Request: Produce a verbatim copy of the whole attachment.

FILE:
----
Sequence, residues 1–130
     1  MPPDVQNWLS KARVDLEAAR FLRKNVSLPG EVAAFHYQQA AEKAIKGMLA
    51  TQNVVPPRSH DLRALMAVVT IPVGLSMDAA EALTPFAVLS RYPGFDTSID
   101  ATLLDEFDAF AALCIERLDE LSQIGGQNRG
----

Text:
Sequence, residues 1–130
     1  MPPDVQNWLS KARVDLEAAR FLRKNVSLPG EVAAFHYQQA AEKAIKGMLA
    51  TQNVVPPRSH DLRALMAVVT IPVGLSMDAA EALTPFAVLS RYPGFDTSID
   101  ATLLDEFDAF AALCIERLDE LSQIGGQNRG